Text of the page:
parameters for the PWPB95-NL, DSD-BLYP-NL, DSDPBEP86-NL, and DOD-PBEP86-NL functionals are listed in Table 1, and the speciﬁc exchange and correlation functionals89−91,102−106 were also presented. The Hartree−Fock (HF) exchange parameter (cx), DFT correlation parameter (cc), and same (cs) and opposite (co) spin coeﬃcients for the MP2like correlation were taken from the related references.83−85,88 With the framework of the DFT-NL method,44−47 the shortrange attenuation parameter b for each functional was optimized by minimizing the MAD with the S66 database. Meanwhile, the long-range parameter C was kept as 0.0093,44,46 which had been proven to be reasonable for the DHDFs.47 The NL correlation was added non-self-consistently, because the improvement of the self-consistent procedure was negligible.46 Subsequently, these four obtained functionals with the NL correlations were further assessed with the S22B, NCCE31, and ADIM6 databases. As comparisons, the MP2 method107 was also examined with the four databases mentioned above. All the computations in this work were carried out with the ORCA program.108 The quadruple-ζ def2-QZVP109 basis set was utilized for single-point energy computations. On the basis of previous works,88,101 this large basis set was competent for benchmark computations, and the basis set superposition errors for the tested methods could be ignored. The resolution of the identity (RI-JK110,111 and RI112) methods were employed with the auxiliary basis sets of def2-QZVP/JK113 and def2-QZVP/ C 114 to accelerate the self-consistent-ﬁeld (SCF) and perturbative correlation computations, respectively. The integration grid for the Kohn−Sham SCF computations was Grid6115,116 in the ORCA program, whereas vdwGrid4 was used for the NL correlation computations. According to the original work,83−85,88 the MP2-like computations for the DSDPBEP86-NL and DOD-PBEP86-NL functionals were performed with the frozen core option, and those for the PWPB95-NL and DSD-BLYP-NL functionals were carried out with correlating all electrons. As to the total energies of molecules, the accuracy of our proposed functionals with the NL correlations was relatively low even for small molecules against the CCSD(T)117−119 results (Table S1 in the Supporting Information). Note that the errors of the density functionals for computing the total energies are generally large, and the errors of the total energies are about 1 hartree for medium-sized molecules.120 In addition, the MP2 computations were also performed with the frozen core option, and the relative costs for the MP2 method and our proposed functionals with the NL correlations were presented in the Supporting Information (Table S2).

2. COMPUTATIONAL METHODS The databases of S22,92−95 S66,96,97 NCCE31,9,98,99 and ADIM688,100,101 were employed for our benchmark computations. Note that the interaction energies in ref 95 (denoted as S22B) and ref 97 for the S22 and S66 databases were utilized, respectively. The signed mean deviation (MD), mean absolute deviation (MAD), root-mean-square deviation (RMSD), and mean absolute percent deviation (MA%D) were used to assess the performances of the tested methods. The deﬁnitions of these four deviations were described in detail in ref 11. The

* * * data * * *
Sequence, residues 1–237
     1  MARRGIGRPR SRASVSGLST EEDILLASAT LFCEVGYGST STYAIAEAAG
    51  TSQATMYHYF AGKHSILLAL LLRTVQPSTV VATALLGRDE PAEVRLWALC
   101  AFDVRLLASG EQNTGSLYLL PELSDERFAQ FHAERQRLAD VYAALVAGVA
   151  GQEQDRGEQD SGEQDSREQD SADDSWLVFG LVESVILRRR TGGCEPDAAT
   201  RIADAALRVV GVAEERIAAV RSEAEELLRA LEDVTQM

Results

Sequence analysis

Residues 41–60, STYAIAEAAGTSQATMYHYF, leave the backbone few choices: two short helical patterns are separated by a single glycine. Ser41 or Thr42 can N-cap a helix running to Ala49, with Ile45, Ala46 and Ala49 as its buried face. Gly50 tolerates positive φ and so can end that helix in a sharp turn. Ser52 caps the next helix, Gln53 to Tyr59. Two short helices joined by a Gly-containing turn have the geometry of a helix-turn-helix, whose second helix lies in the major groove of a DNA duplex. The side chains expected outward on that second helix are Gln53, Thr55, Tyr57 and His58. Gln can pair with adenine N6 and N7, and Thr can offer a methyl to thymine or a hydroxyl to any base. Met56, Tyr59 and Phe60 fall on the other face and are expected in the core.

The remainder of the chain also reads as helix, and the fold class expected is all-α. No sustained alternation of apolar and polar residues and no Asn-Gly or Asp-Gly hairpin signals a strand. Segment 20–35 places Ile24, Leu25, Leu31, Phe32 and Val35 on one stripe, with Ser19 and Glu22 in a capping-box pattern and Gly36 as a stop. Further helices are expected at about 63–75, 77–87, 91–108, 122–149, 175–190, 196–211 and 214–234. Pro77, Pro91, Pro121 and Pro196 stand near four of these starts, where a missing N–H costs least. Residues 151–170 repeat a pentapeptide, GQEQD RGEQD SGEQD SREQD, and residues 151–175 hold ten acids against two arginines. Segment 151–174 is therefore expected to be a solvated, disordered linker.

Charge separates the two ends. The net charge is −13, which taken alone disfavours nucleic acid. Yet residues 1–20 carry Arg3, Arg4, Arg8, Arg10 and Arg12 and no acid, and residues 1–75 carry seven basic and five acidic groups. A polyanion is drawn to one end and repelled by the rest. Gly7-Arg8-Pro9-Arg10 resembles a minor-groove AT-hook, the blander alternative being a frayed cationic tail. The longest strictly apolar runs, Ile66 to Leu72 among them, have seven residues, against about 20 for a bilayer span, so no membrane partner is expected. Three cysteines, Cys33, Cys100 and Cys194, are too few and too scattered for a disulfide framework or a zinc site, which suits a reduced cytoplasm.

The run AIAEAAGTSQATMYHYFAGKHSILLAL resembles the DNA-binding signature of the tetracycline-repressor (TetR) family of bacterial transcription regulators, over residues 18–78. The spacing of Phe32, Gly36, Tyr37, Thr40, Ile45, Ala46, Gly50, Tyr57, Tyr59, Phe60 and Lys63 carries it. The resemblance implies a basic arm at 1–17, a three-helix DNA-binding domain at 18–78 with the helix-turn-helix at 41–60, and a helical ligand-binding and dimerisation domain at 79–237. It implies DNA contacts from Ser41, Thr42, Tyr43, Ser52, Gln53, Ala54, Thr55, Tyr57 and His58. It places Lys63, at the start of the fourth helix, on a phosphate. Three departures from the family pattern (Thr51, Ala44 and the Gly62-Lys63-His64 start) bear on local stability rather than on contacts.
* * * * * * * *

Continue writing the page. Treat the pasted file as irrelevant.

3. RESULTS AND DISCUSSION 3.1. Assessment of the PWPB95-NL, DSD-BLYP-NL, DSD-PBEP86-NL, and DOD-PBEP86-NL Functionals with 4401

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the S66 and S22B Databases. The short-range attenuation parameters for the PWPB95-NL, DSD-BLYP-NL, DSDPBEP86-NL, and DOD-PBEP86-NL functionals were determined by minimizing the corresponding MADs with the S66 database. The obtained short-range attenuation parameters have been listed in Table 1. The performances of these four functionals with NL correlations on the S66 and S22B databases are presented in Table 2. As shown in Table 2,

complexes, dispersion-dominated (DD) complexes, and complexes with mixed (MX) inﬂuence. The assignments of the complexes are determined on the basis of the original refs92 and 96. The MDs and MADs for the subsets of both the S66 and S22B databases are presented in Figure 1. Note that the

Table 2. Performances of the Tested Methods on the S66 and S22B Databasesa method PWPB95-NL DSD-BLYP-NL DSD-PBEP86-NL DOD-PBEP86-NL MP2 revPBE0-DH-NLb B2PLYP-NLb PWPB95-NL DSD-BLYP-NL DSD-PBEP86-NL DOD-PBEP86-NL MP2

MD

MAD

S66 database 0.13 0.21 −0.03 0.17 −0.03 0.12 −0.01 0.10 −0.57 0.59 −0.04 0.19 −0.12 0.20 S22B database 0.12 0.31 −0.19 0.25 −0.13 0.16 −0.04 0.12 −1.00 1.02

RMSD

MA%D

0.29 0.21 0.15 0.12 0.87

3.9 4.0 3.1 2.3 16.3 4.1 3.6

0.46 0.32 0.20 0.15 1.60

4.3 6.2 4.2 3.0 23.3

a

The MD (kcal/mol), MAD (kcal/mol), RMSD (kcal/mol), and MA %D (%) are employed to evaluate the performances, and the def2QZVP basis set is used for single-point energy computations. bResults taken from ref 47.

these four functionals with NL correlations perform well on both the S66 and S22B databases, because the training set selected in this work is the well designed S66 database. The performance trend of these four functionals with the NL correlations for the S22B database is same as that for the S66 database. Furthermore, the DOD-PBEP86-NL functional is the best performer for both the S66 and S22B databases. The MADs of the DOD-PBEP86-NL/def2-QZVP level against the S66 and S22B databases are only 0.10 and 0.12 kcal/mol, respectively. With the large def2-QZVP basis set, the MAD of the PWPB95-NL functional (0.21 kcal/mol) is close to those of the revPBE0-DH-NL (0.19 kcal/mol) and B2PLYP-NL (0.20 kcal/ mol) functionals for the S66 database.47 The revPBE,121 a revised version of PBE, in the revPBE0-DH-NL functional was proposed by Zhang and Yang, which was diﬀerent from the original PBE developed by Perdew and co-workers.105 Moreover, the DSD-BLYP-NL functional (with an MAD of 0.17 kcal/mol) performs slightly better than the revPBE0-DH-NL and B2PLYP-NL functionals. However, the improvements of the DSD-PBEP86-NL and DOD-PBEP86-NL functionals are more signiﬁcant. The MADs of the PWPB95-D3(0) and PWPB95-D3(BJ) functionals for the S66 database are 0.19 and 0.22 kcal/mol, respectively.122 The MAD of the PWPB95-NL functional falls in between these two values. Similarly, the MADs of the DSD-BLYP-D3(0) and DSD-BLYP-D3(BJ) functionals against the S66 database are 0.21 and 0.23 kcal/ mol, respectively.122 The DSD-BLYP-NL functional performs slightly better than these two DFT-D3 methods. There are three diﬀerent subsets in the S66 and S22 databases. The concrete subsets are hydrogen-bonded (HB)